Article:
baker’s-keyboard-lounge-still-thriving-in-detroit-|-new-pittsburgh-courier

Baker’s Keyboard Lounge Still Thriving In Detroit | New Pittsburgh Courier

Growing up as a kid, Eric Whitaker can remember the days of his parents coming back home from a nice evening out at Baker’s Keyboard Lounge. When he became of age, he would drive to the historic jazz club to see for himself why this Black-owned establishment in Detroit was the place to be.

Whitaker was 17 when he first stepped foot inside Baker’s and it’s where he met the owner, Clarence Baker.

“He had the ability to continue to maintain bringing in musicians,” Whitaker says. “During that time, we were going through the Great Depression and getting ready to go into World War II, and despite what was happening in that day and time, through the love of Jazz, Clarence continuously introduced folks to the venue.”

Fast forward to 2013, when Whitaker learned of the sale of Baker’s, he jumped on the opportunity and aligned with his business partner Hugh Smith to purchase the historic jewel.

A younger Whitaker recalls: “Baker’s used to be one of my favorite places to bring folks to have dinner and listen the great music.”

Baker’s opened in 1934, and it began as just a deli. As a 14-year-old kid, Baker introduced the idea of having piano music played at the deli. He had to convince his parents that he and his friends would play music during the evening hours, and it later would be a great addition to the family-owned business.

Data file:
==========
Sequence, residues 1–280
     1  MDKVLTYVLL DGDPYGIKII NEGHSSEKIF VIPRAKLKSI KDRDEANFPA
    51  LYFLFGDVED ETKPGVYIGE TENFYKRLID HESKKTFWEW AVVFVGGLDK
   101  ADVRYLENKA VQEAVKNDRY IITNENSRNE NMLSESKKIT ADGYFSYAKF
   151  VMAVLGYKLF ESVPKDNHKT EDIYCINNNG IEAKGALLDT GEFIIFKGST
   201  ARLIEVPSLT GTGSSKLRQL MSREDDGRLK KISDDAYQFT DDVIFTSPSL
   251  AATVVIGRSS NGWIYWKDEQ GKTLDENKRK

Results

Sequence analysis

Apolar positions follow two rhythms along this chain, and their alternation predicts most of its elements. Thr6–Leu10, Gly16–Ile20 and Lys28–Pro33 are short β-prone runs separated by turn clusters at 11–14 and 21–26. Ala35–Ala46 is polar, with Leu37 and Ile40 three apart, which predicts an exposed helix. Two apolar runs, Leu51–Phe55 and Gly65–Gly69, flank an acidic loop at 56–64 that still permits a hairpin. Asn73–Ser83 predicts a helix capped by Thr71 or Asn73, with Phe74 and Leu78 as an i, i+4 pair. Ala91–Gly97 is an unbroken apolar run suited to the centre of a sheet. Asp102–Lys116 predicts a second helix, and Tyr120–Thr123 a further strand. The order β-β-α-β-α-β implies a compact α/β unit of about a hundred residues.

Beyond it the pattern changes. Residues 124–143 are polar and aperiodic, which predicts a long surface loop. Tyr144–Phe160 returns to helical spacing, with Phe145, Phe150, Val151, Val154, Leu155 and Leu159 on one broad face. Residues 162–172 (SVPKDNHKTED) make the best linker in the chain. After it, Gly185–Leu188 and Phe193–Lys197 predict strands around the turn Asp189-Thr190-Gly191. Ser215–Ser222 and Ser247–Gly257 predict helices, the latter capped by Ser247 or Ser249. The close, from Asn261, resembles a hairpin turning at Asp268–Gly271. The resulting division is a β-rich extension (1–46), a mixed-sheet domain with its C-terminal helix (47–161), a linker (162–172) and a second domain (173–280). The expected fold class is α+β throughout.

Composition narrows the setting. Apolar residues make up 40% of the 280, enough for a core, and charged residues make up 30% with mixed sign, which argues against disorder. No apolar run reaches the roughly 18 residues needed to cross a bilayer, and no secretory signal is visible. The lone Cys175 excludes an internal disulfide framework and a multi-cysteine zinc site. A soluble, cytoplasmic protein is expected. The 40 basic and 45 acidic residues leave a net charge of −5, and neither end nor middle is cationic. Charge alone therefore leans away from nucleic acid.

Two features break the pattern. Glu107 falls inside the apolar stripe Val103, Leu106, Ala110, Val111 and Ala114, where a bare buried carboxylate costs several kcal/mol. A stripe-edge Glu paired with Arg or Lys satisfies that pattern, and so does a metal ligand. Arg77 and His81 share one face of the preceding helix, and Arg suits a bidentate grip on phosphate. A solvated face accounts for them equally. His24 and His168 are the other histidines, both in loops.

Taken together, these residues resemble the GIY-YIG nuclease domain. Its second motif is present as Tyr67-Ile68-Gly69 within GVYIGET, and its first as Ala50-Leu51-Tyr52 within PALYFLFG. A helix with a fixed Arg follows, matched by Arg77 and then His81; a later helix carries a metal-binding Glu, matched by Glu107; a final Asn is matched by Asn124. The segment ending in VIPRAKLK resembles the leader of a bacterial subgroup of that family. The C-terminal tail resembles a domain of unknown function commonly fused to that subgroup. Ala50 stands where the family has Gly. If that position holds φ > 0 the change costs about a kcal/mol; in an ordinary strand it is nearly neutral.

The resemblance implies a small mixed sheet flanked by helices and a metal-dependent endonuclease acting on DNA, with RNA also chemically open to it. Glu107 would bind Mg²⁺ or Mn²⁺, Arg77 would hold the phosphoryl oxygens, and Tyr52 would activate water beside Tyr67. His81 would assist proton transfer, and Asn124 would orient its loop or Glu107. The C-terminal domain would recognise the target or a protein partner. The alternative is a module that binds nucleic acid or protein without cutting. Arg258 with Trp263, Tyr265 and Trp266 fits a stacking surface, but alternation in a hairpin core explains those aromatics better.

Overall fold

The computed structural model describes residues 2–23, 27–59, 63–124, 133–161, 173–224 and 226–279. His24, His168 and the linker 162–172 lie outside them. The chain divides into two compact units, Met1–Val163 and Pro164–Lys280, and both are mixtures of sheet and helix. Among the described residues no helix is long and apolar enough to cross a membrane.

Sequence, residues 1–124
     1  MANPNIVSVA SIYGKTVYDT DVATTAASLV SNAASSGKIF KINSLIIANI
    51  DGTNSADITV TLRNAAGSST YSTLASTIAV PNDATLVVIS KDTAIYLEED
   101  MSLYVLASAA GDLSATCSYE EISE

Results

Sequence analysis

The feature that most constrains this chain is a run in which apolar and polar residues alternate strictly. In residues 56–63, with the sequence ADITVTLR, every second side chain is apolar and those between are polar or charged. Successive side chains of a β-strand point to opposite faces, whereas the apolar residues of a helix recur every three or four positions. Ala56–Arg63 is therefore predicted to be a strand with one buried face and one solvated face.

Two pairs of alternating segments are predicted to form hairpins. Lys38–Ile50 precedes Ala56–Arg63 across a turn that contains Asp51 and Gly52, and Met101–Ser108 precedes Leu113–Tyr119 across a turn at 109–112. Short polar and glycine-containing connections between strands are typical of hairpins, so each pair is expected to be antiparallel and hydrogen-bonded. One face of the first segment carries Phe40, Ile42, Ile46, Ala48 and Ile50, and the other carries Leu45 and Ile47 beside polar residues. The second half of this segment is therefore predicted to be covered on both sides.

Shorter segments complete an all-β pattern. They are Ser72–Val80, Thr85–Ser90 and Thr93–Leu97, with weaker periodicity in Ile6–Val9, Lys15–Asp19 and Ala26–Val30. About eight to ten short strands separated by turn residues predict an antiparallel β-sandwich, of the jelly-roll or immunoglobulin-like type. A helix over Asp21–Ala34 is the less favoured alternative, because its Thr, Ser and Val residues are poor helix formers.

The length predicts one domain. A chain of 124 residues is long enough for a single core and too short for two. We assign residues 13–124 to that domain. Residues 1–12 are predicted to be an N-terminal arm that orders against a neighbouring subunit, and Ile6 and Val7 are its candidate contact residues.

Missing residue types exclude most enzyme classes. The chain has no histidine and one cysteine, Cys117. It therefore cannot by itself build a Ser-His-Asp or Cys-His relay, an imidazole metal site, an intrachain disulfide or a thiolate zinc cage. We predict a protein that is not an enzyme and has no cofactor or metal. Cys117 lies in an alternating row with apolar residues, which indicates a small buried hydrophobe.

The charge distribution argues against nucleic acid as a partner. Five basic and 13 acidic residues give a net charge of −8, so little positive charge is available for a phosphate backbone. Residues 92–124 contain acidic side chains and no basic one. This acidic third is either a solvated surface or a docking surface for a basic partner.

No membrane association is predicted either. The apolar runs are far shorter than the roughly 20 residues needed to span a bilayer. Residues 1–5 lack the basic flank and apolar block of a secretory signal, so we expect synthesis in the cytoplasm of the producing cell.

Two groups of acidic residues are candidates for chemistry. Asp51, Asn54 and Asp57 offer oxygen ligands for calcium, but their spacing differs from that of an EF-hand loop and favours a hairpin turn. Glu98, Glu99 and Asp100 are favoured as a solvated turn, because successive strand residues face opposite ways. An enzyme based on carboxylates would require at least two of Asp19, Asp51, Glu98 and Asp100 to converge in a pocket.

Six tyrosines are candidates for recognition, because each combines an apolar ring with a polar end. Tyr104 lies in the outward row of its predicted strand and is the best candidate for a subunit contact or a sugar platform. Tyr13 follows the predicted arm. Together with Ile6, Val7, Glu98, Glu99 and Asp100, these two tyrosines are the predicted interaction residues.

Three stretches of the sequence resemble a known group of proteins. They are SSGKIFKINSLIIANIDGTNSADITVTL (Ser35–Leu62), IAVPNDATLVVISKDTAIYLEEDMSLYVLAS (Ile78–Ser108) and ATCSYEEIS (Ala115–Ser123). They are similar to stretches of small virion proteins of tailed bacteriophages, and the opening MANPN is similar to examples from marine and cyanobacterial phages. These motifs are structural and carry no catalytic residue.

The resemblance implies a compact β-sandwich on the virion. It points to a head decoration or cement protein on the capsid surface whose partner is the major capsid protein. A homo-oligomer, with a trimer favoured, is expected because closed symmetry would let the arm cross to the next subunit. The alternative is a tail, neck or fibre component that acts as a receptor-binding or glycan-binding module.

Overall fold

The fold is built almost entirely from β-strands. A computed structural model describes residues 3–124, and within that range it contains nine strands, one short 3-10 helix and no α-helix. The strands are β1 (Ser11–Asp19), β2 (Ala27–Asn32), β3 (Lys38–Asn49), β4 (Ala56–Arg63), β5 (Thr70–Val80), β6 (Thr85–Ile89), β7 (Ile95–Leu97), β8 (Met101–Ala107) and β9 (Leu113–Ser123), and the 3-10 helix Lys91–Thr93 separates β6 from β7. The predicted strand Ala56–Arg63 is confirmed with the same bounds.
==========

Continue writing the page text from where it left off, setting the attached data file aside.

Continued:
Over the years, an ambitious young Baker would take over the establishment and turn the Northwest Detroit jazz club into a mecca for attracting the greats in the jazz music industry. From the likes of Miles Davis to Sarah Vaughan, Billie Holiday, and Nat King Cole, Baker’s became the go-to place for great musicians within the genre to visit while in the city.

Since the art of jazz was first introduced, Detroit has been attracting jazz musicians and birthing them too. “There have been a lot of great musicians that have come from out of the city. They may not have been popular, per se, but they played with a lot of famous musicians, and they have passed along that craft and that art and the standards of how jazz is presented throughout the decades,” Whitaker says.

For years, Detroit has been a place that has celebrated the art of jazz. Annually, the city welcomes The Detroit Jazz Festival during Labor Day Weekend. The free event welcomes thousands of performers and musicians from around the world to Hart Plaza and Campus Martius Park in Downtown Detroit. The event was started in 1980 by Robert McCabe and the Detroit Renaissance group, all with the goal of bringing more visitors to the city.

From a longtime patron to now as its owner, Whitaker is pleased to head up a jewel that has been a longtime staple of the community.

“We’re certainly proud to be an important part of what makes this community,” Whitaker says. “With all the changes that the Avenue of Fashion has undergone, still being a part of the University District has always equated us the opportunity to renew our clientele.”

Whitaker played the saxophone in his younger days and was an avid jazz lover because of his mom, who he remembers having stacks of old LP records, vintage 10- or 12-inch vinyl records or soundtrack discs, she would closely guard.

Whitaker’s love for the art of jazz grew even fonder, as he recalls, after one of his first visits to Baker’s and meeting Clarence Baker who made him feel right at home.

“How could I help you?” Baker asked Whitaker.